THE CALL OF THE WILD
Starring: Harrison Ford
Directed by: Chris Sanders
Rated: Rated PG
Running Time: 1 hr 40 mins
20th Century Studios
The 1903 novel “The Call of the Wild” by American novelist John “Jack” London (1876-1916) was written after the author had spent nearly a year in the wilds of the Canadian Yukon. It is arguably his most popular work and has been adapted to film several times – a silent film in 1923 followed by a 1935 version starring Clark Gable and Loretta Young, and numerous others since. Its indelible mark on American literature cannot be discounted as Hollywood has yet again decided to release another silver screen adaptation. Directed by Chris Sanders (“The Croods,” “How to Train Your Dragon”) and starring Harrison Ford, this newest incarnation is a dullish version of London’s classic tale. It’s tragic because the original story is full of harrowing adventure and timeless themes. However, its clear that Sanders and 20th Century Studios, formerly 20th Century Fox, wanted to make a more politically correct and kid-friendly story.
Set in 1897, we meet Buck, a 140-pound St. Bernard-Scotch Collie mix, at the Santa Clara Valley home of one Judge Miller (Bradley Whitford). A highly intelligent, happy-go-lucky pet, Buck has a knack for getting himself into trouble. It’s all nice and cute and feels like a Disney movie at this point, but what becomes annoying perpetually forward is that Buck is a CGI creation, and a poor one at that. It gives the film a phony quality, but of course it might have caused too much controversy if a real dog had been used instead. Be that as it may, after one trouble-filled occasion, Buck is forced to stay the night on the porch, which proves to be a fateful decision by Judge Miller. A nefarious local steals Buck for the money he will receive from those looking for good sled dogs in the Yukon.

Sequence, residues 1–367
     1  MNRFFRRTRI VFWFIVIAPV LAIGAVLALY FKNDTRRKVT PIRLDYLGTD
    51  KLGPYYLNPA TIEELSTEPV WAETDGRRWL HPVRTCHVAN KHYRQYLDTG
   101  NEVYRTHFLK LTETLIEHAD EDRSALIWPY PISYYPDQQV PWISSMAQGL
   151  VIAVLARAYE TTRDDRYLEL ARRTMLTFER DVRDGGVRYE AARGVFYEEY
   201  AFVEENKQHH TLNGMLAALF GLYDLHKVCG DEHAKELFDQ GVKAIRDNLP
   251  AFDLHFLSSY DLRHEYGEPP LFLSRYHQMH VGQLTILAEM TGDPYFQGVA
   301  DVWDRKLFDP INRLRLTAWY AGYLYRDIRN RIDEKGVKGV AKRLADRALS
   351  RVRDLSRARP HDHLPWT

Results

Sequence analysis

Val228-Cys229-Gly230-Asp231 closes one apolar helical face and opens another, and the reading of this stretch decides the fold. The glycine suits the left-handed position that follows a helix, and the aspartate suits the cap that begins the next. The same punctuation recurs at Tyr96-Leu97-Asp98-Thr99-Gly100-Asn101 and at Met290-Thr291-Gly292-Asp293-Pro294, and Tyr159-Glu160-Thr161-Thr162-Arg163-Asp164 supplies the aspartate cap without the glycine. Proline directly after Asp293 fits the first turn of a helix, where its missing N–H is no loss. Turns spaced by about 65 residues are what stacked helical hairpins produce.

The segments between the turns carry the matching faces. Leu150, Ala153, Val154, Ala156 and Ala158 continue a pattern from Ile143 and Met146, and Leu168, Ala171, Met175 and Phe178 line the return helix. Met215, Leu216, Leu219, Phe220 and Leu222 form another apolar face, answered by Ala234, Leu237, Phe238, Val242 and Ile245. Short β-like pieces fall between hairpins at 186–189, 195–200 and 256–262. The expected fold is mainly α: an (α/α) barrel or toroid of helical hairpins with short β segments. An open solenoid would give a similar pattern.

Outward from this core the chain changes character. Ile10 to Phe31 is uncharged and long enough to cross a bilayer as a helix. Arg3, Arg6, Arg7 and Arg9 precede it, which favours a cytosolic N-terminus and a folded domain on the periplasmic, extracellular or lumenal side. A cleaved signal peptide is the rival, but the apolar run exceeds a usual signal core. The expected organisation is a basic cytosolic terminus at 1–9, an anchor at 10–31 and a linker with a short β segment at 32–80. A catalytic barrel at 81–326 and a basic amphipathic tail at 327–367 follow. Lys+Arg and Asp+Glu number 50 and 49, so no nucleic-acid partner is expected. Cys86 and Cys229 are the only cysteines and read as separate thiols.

After learning the law of the club, Buck is purchased by a mail deliverer and his assistant who need a new dog for their sled team. (Amidst this, Buck has his first encounter with John Thornton (Harrison Ford), a man with a wounded soul looking to disappear into the northern wilderness.) Gradually, Buck, guided by a black wolf that represents his inner call to the wild, learns to be a part of a pack, but he ends up butting heads with the team’s menacing sled leader, Spitz for leadership. This conflict, for example, has been watered-down to the point it fails to reflect the struggles of nature that London related in his work. However, it’s par for the course as London’s original, brilliant story is repeatedly gutted.
Eventually, Buck acquires yet another new master, but this one is cruel, naïve and blinded by gold lust. When Buck is worked nearly to death, it is Thornton who saves him and takes him in. Perpetually mourning the loss of his son, Thornton answers a call to adventure and sets out with Buck to find the wildest place they can. Once there, Buck is put in a position to decide if he wants to stay in the world of man or answer his ancestral calling. The real calling, though, that everyone should answer is stay away from this movie. Instead, pick up London’s book, or download it, and read it for yourself. You’ll be glad you did.